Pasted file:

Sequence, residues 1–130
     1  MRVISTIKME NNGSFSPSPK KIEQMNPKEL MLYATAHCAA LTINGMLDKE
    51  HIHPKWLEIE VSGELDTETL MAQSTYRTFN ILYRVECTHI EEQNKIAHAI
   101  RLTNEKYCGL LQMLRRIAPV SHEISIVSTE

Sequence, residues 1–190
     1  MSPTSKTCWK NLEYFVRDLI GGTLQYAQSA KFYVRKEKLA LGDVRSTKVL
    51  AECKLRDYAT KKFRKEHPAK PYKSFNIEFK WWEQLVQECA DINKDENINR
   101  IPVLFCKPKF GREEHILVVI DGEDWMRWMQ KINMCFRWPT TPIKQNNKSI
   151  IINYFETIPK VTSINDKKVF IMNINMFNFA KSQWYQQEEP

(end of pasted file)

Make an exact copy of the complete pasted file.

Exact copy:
Sequence, residues 1–130
     1  MRVISTIKME NNGSFSPSPK KIEQMNPKEL MLYATAHCAA LTINGMLDKE
    51  HIHPKWLEIE VSGELDTETL MAQSTYRTFN ILYRVECTHI EEQNKIAHAI
   101  RLTNEKYCGL LQMLRRIAPV SHEISIVSTE

Sequence, residues 1–190
     1  MSPTSKTCWK NLEYFVRDLI GGTLQYAQSA KFYVRKEKLA LGDVRSTKVL
    51  AECKLRDYAT KKFRKEHPAK PYKSFNIEFK WWEQLVQECA DINKDENINR
   101  IPVLFCKPKF GREEHILVVI DGEDWMRWMQ KINMCFRWPT TPIKQNNKSI
   151  IINYFETIPK VTSINDKKVF IMNINMFNFA KSQWYQQEEP